Shereen KAMEL1, Rehab KHALAF1, Hend MONESS2,Shimaa AHMED1

1Department of Rheumatology and Rehabilitation, Faculty of Medicine, Minia University, Minia, Egypt
2Department of Clinical Pathology, Faculty of Medicine, Minia University, Minia, Egypt

Keywords: Interleukin-17, knee, osteoarthritis, serum, synovial fluid.

Abstract

Objectives: This study aims to assess the serum and synovial fluid (SF) levels of interleukin (IL)-17A in primary knee osteoarthritis (KOA) patients and to study their correlations with functional status, pain, and disease severity.

Patients and methods: This cross-sectional study was conducted between December 2017 and March 2018 and it included 70 patients (46 males, 24 females; mean age 57.3±10.0 years; range 34 to 76 years) with primary KOA and 30 age-, sex-, and body mass index-matched healthy individuals (20 males, 10 females; mean age 53.3±10.3 years; range, 35 to 70 years). Western Ontario and McMaster Universities osteoarthritis index (WOMAC), visual analog scale (VAS), Lequesne index, and Kellgren and Lawrence (KL) grading scale were used for assessment of the disease. IL-17A levels were measured in the serum for patients and healthy controls, and in SF for patients only using an enzyme-linked immunosorbent assay.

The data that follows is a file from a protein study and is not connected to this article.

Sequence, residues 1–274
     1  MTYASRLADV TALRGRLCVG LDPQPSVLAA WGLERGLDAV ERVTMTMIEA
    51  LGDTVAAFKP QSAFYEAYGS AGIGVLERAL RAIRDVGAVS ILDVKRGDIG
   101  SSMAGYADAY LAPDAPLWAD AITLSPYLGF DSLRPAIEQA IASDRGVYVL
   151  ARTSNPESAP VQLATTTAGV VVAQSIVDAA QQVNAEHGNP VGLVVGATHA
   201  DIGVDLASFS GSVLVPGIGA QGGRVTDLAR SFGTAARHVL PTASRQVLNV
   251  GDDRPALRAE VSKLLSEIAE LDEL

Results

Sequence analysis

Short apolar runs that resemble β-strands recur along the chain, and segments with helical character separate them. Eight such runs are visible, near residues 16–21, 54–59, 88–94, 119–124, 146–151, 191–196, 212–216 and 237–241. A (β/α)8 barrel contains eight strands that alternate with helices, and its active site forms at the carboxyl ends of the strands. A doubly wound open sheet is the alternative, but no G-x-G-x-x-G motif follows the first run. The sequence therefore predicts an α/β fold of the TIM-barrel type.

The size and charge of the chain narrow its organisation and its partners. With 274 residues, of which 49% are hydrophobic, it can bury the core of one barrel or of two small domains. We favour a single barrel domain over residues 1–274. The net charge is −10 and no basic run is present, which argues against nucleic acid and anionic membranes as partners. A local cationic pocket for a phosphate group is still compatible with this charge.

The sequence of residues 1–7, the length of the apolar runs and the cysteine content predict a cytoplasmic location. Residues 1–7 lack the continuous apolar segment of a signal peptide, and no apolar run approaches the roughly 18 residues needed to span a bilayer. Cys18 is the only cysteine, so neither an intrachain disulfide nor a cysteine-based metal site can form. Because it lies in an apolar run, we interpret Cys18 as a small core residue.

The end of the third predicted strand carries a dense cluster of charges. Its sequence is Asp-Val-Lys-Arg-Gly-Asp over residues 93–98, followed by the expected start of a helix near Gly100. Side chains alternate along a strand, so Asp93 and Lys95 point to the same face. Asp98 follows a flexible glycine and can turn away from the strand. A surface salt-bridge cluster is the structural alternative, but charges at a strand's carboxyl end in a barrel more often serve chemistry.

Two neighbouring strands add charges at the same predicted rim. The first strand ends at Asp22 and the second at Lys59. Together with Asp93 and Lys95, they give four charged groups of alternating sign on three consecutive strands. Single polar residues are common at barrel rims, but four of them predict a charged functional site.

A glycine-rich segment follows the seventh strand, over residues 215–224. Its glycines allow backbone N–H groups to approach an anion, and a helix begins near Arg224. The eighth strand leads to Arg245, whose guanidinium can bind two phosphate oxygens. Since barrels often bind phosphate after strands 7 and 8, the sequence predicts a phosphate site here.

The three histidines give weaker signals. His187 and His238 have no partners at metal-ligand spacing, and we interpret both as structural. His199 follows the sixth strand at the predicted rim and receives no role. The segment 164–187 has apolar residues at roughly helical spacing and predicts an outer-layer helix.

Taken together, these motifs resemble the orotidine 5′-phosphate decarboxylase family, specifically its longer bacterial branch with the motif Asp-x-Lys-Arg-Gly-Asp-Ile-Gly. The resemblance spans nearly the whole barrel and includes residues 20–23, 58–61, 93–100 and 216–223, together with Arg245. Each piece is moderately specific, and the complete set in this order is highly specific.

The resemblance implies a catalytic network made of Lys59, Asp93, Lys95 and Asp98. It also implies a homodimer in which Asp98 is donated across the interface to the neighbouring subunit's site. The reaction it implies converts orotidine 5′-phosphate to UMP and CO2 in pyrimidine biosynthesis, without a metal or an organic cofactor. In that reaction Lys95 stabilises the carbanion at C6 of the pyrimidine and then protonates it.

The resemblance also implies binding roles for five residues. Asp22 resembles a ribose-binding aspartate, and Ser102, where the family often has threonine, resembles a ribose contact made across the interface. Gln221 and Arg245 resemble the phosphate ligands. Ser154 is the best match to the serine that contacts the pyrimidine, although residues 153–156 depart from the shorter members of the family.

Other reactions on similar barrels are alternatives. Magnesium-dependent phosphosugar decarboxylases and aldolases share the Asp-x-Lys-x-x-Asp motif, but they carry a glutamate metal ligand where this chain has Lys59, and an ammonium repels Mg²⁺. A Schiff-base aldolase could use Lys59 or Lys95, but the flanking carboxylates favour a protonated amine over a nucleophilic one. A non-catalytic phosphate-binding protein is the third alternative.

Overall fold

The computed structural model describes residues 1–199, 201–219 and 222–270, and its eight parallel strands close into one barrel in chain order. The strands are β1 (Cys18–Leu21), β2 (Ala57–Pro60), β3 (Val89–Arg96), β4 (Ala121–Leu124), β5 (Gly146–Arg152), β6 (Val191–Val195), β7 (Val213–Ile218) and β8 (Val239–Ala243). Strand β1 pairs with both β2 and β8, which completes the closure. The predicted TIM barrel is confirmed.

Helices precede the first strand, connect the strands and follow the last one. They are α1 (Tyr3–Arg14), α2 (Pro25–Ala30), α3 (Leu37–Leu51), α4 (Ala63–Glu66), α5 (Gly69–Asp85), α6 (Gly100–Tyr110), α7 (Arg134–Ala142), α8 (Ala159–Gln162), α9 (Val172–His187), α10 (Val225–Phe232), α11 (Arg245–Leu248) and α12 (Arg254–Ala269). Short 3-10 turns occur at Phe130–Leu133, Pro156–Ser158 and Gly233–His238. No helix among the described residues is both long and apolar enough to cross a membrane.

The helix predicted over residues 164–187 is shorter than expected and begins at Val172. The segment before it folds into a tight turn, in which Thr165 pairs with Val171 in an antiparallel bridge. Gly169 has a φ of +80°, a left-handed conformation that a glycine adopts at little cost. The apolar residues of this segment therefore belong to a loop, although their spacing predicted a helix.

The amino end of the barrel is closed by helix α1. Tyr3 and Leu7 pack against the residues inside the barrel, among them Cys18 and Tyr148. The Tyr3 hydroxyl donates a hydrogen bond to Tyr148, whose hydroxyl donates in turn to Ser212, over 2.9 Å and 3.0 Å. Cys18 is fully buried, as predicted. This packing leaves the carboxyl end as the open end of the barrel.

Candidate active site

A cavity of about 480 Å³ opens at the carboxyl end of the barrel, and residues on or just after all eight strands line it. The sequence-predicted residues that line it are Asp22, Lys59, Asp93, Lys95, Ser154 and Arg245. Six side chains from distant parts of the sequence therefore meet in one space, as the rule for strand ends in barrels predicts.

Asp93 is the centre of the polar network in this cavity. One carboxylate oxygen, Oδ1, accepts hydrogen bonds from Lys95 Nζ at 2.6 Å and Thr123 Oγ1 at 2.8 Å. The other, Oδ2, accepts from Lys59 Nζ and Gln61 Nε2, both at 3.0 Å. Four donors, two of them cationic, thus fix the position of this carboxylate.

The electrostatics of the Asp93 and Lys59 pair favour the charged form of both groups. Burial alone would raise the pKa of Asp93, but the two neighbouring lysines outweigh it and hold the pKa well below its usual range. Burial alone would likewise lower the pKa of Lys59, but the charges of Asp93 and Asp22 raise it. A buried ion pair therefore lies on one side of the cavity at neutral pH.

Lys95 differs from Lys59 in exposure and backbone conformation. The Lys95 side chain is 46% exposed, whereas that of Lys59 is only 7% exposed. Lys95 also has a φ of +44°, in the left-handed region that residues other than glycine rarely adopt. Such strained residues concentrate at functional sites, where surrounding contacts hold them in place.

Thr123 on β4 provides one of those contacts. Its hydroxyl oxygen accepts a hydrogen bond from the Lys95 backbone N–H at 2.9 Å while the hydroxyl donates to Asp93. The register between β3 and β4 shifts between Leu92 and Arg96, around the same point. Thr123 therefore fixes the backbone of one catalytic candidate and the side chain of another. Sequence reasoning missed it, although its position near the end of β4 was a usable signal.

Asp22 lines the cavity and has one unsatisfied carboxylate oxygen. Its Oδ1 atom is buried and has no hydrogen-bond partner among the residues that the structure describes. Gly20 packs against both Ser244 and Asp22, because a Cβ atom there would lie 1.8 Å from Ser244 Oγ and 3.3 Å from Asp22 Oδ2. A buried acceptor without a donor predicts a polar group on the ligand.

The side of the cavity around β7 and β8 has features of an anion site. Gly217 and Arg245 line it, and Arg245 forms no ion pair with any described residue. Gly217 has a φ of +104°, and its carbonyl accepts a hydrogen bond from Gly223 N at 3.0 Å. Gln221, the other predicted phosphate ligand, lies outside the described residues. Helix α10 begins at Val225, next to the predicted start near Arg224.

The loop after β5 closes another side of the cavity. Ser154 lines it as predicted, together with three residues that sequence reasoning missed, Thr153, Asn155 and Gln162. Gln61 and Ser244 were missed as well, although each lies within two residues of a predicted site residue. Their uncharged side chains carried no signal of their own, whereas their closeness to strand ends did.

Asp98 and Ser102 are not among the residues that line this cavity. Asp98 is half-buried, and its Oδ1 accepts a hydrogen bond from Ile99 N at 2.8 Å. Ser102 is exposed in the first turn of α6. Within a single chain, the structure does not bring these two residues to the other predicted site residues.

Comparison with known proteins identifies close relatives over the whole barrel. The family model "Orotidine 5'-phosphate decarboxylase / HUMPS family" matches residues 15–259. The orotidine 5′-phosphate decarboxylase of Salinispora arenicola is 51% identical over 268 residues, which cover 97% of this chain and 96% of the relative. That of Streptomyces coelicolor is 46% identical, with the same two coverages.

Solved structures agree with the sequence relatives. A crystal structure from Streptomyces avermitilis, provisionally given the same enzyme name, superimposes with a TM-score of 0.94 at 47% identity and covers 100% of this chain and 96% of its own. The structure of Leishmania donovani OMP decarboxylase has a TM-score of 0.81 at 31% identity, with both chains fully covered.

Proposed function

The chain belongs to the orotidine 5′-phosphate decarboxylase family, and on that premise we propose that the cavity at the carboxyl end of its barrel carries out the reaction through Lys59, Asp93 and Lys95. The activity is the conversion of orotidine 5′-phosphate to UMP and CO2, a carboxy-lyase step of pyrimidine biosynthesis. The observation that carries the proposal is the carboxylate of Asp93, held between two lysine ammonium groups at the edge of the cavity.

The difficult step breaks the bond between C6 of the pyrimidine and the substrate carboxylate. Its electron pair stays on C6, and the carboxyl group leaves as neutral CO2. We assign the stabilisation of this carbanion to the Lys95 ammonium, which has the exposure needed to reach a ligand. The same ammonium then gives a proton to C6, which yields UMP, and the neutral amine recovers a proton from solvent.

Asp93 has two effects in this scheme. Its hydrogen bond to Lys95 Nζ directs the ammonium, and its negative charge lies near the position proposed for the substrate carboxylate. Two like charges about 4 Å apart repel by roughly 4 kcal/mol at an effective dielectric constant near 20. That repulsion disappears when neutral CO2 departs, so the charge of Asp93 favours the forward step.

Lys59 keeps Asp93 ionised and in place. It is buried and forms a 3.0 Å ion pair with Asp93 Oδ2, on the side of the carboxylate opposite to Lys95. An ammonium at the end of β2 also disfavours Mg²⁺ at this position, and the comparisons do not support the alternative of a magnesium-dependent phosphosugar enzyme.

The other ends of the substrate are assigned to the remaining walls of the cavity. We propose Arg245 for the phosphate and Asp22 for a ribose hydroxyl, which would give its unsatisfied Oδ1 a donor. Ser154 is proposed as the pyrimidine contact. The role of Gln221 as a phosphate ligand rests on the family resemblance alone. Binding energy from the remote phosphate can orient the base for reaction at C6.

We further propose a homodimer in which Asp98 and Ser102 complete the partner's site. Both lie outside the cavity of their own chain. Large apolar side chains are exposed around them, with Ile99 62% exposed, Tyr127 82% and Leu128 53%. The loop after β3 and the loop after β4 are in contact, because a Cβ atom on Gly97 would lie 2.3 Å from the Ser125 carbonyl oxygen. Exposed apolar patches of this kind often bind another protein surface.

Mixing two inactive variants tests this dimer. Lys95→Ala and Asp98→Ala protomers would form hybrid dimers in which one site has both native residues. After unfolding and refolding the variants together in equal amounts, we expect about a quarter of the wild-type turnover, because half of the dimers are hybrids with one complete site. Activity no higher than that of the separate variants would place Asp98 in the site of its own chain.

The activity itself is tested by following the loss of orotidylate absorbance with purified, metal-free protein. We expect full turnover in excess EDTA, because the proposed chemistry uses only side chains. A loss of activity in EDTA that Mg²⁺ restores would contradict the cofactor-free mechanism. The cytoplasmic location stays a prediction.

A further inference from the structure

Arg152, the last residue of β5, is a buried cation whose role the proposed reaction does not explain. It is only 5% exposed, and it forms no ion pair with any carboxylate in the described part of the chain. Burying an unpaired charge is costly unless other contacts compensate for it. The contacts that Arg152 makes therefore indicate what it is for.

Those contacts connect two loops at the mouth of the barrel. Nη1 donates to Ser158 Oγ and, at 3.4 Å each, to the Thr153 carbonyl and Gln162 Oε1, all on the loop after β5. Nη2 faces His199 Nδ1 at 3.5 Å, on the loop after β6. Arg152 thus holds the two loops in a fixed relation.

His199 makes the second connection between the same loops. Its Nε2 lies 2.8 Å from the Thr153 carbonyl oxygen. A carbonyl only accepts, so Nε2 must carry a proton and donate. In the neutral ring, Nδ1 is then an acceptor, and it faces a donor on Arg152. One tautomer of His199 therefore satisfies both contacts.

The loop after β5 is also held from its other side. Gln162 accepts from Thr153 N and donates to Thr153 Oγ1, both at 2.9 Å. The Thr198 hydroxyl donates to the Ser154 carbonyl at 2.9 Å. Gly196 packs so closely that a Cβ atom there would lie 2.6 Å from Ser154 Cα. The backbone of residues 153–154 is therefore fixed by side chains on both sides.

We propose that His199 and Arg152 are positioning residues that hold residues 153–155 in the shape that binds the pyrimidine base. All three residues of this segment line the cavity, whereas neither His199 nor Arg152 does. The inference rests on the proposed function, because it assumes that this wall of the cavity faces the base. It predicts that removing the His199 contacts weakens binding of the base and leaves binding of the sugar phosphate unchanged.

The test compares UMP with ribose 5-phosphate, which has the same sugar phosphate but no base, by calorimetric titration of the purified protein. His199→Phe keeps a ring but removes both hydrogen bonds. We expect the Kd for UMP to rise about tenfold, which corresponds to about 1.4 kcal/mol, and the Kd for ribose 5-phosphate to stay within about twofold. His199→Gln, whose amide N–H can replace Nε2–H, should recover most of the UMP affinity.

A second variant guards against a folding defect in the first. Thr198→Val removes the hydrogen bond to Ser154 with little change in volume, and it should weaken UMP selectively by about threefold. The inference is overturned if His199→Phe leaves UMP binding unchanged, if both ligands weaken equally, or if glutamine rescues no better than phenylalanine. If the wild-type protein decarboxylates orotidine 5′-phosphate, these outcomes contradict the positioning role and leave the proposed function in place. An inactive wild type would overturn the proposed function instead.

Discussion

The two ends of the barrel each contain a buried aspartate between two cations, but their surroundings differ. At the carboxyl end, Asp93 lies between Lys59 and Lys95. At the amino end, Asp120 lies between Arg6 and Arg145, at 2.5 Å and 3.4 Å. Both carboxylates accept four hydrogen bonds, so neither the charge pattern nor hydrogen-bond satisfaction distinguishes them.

Results: Serum levels of IL-17A were significantly higher in KOA patients than controls (p=0.04). A positive correlation was found between serum and SF IL-17A levels. Serum and SF IL-17A levels had positive correlations with VAS, WOMAC pain score, Lequesne pain score, WOMAC function score, and Lequesne index. SF IL-17A levels had strong positive correlations with radiographic severity (KL grade) and duration of OA.

Conclusion: Higher IL-17A levels in primary KOA patients were significantly associated with longer disease duration, higher pain scores, worse quality of life, extreme disability, and advanced structural damage. Therapeutics that target IL-17A warrant further investigation.